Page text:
Dito Montiel: I think in a lot of ways, it’s a mental game. For me, just checking it out, where I was like, “Oh, it was so nice to see these neighborhoods like this that aren’t vilified immediately.” Sure, bad things happen. Bad things happen everywhere, but that’s where my head went when you say with these colors on the walls.
John Leguizamo: But Dito, you know what it is? It was a note that I told the crew, I said, “I don’t want ghetto porn.”
Dito Montiel: Yeah.
John Leguizamo: That’s what I said, “I don’t want it to look so depressing, and so…” Because there’s a lot of joy in these underprivileged neighborhoods, you find joy in other ways. Obviously not financially and not in those terms, but you make your own joy, and you make your own place respectable. And it even though it’s modest, you make it your home and it’s yours, and there’s things you love.
Dito Montiel: And funny, yeah, because with Miami and all that, a lot of us, me being one of them, I didn’t know much about Miami. So I thought Miami is the Strip of Miami, and then you get to check out Dade, and all these other places, and you’re like, “Oh wow, it’s got a little bit of everything.” But again, I think it’s an attest to the film you decided to make, which was, this is not going to be ghetto porn. We’re just going to go into a neighborhood that this is where the story takes place, and a little bit of everything happens there, just like everywhere. You don’t see that all the time, and that was a nice thing about the casting as well too. That’s like me, not seeing it yet.
Steven Pierce: When did you guys film this?
John Leguizamo: Two years ago, October 2018.
Steven Pierce: So what was post like? Did you do that in New York, back here?
John Leguizamo: Yeah, we did it at Light Iron downtown, on Princeton and B-way. It’s a great, great space. You have a theater there, and Jamie Kirkpatrick was awesome, and Buck… Matthew, we call him Buck, were really instrumental. We just played around, we did our storyboards, messed around, we cut a ton of stuff, put some stuff back. You know how it is, it’s a new picture in the editing room. It’s the second type of writing.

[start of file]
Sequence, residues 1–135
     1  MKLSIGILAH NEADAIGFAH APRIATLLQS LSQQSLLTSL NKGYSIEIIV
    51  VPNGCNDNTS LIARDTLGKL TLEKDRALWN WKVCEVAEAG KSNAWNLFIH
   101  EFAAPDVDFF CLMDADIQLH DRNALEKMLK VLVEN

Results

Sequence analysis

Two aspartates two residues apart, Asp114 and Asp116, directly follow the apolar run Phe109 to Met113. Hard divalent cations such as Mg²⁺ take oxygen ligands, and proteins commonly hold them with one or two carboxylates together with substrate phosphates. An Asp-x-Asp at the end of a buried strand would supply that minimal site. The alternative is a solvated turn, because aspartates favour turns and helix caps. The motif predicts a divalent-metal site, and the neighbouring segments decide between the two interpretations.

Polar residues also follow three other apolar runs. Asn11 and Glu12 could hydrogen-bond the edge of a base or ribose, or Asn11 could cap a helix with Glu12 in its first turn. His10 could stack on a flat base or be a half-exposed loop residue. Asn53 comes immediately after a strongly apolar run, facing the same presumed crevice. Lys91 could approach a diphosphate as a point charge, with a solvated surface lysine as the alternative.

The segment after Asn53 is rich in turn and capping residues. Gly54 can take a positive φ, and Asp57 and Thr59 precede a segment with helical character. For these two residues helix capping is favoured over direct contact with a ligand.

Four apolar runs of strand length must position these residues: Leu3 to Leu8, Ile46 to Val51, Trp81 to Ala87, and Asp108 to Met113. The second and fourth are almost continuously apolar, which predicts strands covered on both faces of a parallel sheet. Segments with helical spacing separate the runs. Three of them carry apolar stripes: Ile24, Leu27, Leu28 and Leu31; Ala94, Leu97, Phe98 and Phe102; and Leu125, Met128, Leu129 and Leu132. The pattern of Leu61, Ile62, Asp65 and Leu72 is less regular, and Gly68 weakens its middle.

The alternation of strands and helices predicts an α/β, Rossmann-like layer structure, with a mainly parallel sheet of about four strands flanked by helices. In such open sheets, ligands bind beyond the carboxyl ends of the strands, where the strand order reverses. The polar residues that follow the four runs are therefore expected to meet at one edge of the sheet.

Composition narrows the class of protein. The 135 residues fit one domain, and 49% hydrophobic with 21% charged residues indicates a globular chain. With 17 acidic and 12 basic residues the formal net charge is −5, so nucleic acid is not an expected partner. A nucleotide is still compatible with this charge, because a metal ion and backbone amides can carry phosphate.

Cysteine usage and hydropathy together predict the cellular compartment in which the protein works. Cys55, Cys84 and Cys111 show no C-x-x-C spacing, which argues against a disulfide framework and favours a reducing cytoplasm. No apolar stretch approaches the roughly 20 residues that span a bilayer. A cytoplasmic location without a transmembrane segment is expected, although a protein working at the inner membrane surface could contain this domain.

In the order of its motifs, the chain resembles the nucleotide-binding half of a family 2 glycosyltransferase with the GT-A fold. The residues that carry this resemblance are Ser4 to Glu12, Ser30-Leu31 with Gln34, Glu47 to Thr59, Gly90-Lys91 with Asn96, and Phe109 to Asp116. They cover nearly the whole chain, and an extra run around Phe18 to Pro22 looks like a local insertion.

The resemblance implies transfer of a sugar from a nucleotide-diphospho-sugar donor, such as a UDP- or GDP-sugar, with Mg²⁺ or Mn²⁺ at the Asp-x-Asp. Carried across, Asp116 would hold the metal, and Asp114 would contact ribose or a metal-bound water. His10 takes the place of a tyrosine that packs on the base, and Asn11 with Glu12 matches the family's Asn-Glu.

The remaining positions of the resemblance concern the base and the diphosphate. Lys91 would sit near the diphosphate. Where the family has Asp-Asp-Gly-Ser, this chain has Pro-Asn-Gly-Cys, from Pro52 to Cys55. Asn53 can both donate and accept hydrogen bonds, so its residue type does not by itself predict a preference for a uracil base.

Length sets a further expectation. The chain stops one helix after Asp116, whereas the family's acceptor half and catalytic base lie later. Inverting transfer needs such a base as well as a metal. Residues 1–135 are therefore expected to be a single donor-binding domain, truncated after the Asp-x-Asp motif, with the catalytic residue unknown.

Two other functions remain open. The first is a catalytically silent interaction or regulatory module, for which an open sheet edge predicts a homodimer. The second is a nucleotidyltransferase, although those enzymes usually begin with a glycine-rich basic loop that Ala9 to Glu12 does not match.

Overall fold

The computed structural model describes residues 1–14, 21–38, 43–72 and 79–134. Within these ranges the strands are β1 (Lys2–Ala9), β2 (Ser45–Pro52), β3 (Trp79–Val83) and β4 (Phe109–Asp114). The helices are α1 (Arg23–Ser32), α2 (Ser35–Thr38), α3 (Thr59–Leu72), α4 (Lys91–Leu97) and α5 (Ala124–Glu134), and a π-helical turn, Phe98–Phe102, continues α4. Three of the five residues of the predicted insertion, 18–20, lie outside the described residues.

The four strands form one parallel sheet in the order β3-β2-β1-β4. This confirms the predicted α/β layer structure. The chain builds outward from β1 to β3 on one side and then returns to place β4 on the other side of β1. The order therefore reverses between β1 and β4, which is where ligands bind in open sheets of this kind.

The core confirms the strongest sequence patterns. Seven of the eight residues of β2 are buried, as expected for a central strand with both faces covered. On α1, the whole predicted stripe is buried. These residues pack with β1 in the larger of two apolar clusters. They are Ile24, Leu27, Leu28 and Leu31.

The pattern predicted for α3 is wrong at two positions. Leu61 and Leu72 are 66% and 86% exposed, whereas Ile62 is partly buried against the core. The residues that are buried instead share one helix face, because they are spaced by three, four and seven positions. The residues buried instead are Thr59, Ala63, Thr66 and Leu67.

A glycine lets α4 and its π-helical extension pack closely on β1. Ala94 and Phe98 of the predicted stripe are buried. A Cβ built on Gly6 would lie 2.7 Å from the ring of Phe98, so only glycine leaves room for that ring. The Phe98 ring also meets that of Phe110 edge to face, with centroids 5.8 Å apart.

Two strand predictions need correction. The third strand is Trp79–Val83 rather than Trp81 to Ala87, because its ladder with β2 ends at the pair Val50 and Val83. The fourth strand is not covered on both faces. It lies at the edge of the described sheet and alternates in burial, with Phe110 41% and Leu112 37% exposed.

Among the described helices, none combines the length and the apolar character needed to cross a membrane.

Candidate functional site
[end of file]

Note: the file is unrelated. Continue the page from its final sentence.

Steven Pierce: Oh yeah, absolutely. That’s what I’ve been learning more and more with talking to filmmakers like you, is that there are three different scripts. There’s the one you write, like Dito, and then there’s the one you shoot, and then there’s the one you edit, because ultimately, now you’re looking at what you have. So were there any surprises for you, because you’re moving the camera so much, and you’re being so fluid in doing this? Did you have any surprises in the edit of things you wish you could have done differently, or was it always just, you liked having those options, and you felt the performance was always tracked?
John Leguizamo: Yeah, I was really happy with everything except one championship that was really… It just kills me. I don’t know, I was tired, I was worn out, and I had given the shots in the way I wanted to have done it, and everybody forgot what I had said, and it just came out corny and boring, and not the visual splendor that I wanted them all to have. I wanted them all to be visually stunning, and that one to me was the worst. But we cut a lot of it out, and made it a much shorter scene to get out of the pain.
Steven Pierce: That’s what I always say, at least if it’s not going to be good, it can be brief.
John Leguizamo: Yes, It’s like my sex life.
Steven Pierce: I didn’t notice anything being bad like that –